Ehrlichia chaffeensis, E ewingii, and an E muris-like pathogen have been identified as causes of human ehrlichiosis in the United States. E chaffeensis is the most common cause of human ehrlichiosis, but reported E ewingii infections are on the rise. E ewingii diagnosis, dependent on species-specific molecular testing, may be underreported.
The goal of this study was to determine geographic distribution and clinical characteristics of PCR-confirmed human E ewingii infections in the United States. After retrospectively reviewing PCR test results for ehrlichiosis over 18 months, the authors subjected samples positive for E ewingii and/or E canis not differentiated in the original PCR to additional PCR testing to distinguish between them. E ewingii and/or E canis-positive cases accounted for 10 of 109 ehrlichiosis cases; all 10 were then identified as E ewingii. This is a higher rate of infection (9.2%) with E ewingii than previously reported, with cases reported for the first time in New Jersey and Indiana. (The other 99 samples were positive for E chaffeensis.)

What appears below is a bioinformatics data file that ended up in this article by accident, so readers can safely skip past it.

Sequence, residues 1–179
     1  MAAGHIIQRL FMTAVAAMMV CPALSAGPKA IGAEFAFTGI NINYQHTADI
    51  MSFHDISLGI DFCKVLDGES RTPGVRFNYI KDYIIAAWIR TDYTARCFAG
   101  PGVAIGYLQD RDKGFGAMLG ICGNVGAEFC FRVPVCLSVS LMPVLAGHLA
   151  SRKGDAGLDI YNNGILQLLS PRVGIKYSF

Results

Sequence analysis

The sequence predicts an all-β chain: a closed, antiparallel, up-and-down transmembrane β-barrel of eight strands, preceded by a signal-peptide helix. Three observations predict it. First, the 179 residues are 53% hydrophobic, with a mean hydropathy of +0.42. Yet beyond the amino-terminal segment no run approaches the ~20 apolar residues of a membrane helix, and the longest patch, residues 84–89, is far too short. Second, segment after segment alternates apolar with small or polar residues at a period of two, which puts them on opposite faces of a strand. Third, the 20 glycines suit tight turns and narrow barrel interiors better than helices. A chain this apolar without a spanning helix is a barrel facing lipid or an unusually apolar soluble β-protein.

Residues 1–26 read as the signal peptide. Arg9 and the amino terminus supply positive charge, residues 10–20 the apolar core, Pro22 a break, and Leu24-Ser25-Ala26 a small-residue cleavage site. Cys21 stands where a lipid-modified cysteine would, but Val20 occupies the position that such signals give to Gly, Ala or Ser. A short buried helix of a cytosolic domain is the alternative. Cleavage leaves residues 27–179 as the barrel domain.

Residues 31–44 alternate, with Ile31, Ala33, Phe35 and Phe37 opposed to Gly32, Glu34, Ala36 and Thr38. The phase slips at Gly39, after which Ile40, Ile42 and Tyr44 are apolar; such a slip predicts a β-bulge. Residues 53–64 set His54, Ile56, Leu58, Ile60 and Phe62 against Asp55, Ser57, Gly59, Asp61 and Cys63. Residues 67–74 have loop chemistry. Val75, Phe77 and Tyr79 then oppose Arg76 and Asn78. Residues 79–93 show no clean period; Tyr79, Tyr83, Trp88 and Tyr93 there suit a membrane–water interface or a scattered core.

The 5 E ewingii cases highlighted in this study reported classic ehrlichiosis symptoms (eg, headache, malaise, fever, myalgia). Thrombocytopenia and leukopenia were also commonly reported. All 5 patients improved with doxycycline treatment. The authors concluded that E ewingii should be considered an agent of tick-borne febrile illness in humans in the central and eastern United States.